Student Interaction: By the end of the first day of class, each student should have spoken or interacted with at least one other student enrolled in the course. If possible, facilitate an exchange of contact information by having students share their university e-mail addresses (preferably after they’ve had some time to chat or participate in an icebreaker activity together). Research shows that collaborative learning and social interaction enable deeper thinking on course subjects and generate higher levels of student engagement.

References & Additional Reading:

A Concise Guide to Improving Student Learning: Six Evidence-Based Principles and How to Apply Them, Diane Persellin, Mary Blythe Daniels, and Michael Reder

Collaborative Learning,” Cornell University’s Center for Teaching Innovation

First Day of Class,” Vanderbilt Center for Teaching

How to Teach a Good First Day of Class: Advice Guide,” James Lang

Make the Most of the First Day of Class,” Carnegie Mellon University’s Teaching Excellence Center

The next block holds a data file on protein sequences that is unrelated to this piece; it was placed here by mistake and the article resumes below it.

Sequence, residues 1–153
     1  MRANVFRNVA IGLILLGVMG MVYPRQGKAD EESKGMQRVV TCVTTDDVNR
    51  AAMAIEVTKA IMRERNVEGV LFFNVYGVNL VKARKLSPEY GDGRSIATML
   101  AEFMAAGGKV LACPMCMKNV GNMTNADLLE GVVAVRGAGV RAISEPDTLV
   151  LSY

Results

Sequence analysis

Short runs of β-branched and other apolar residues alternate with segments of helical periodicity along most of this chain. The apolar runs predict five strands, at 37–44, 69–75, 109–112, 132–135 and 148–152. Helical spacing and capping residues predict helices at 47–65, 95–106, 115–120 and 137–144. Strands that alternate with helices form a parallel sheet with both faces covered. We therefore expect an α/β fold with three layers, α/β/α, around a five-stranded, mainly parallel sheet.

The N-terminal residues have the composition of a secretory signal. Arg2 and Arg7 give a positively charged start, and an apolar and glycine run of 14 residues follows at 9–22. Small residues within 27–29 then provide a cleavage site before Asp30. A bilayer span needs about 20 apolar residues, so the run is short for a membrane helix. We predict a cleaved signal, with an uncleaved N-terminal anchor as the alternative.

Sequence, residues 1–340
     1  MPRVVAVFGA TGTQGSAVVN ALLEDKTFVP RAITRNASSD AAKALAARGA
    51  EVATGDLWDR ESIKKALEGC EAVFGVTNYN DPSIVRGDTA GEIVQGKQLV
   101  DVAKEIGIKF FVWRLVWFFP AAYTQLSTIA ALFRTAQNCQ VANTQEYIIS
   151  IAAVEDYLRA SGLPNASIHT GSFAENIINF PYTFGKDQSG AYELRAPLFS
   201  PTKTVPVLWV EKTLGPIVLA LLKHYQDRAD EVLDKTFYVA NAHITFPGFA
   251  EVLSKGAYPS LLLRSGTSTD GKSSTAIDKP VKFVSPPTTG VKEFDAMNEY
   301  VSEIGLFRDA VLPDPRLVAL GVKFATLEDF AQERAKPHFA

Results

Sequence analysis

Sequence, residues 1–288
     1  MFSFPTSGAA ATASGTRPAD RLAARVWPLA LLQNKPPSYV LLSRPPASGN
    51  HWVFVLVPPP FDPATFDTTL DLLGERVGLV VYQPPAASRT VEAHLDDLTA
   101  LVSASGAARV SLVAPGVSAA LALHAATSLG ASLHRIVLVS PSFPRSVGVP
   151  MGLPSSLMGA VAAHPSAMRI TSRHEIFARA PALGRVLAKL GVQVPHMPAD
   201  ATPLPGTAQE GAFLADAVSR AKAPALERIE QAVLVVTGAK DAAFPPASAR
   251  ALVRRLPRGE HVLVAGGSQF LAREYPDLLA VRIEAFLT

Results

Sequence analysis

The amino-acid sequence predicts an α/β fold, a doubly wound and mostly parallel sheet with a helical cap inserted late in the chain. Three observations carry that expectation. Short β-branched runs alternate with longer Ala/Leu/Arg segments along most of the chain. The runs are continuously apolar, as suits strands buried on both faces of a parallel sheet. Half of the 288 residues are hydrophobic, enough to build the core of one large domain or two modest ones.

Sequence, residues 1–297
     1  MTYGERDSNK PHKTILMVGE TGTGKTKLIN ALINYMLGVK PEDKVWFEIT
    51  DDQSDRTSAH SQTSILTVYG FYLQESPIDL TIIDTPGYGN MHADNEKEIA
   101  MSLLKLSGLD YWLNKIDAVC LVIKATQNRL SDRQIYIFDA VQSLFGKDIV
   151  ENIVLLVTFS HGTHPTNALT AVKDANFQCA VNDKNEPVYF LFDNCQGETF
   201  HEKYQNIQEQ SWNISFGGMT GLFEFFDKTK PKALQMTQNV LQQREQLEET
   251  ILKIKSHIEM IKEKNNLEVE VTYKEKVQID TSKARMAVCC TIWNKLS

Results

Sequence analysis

Practicing Inclusion: Icebreakers and Team Builders for Diversity,” Stonehill College’s Office of Intercultural Affairs

The First Day—And Beyond,” from Stephanie Chasteen’s How do I help students engage productively in active learning classrooms?

(This post is based upon the Kaneb Center workshop “Setting the tone: Using the first day of class to establish norms for safety, conversation, and community,” facilitated by Alex Oxner and Kristi Rudenga. More resources are available on the Google Slides and Zoom recording.)

End of the Year Round-up

Congratulations! You’ve (almost) made it to the end of what sometimes felt like an apocalyptic semester. Classes are over, and for many of us all that remains is a pile of papers or exams to grade. In the midst of all the end-of-semester chaos, take a moment to pat yourself on the back for all you’ve accomplished in the last few months. We’ve all moved mountains this semester, and it’s important to acknowledge our successes.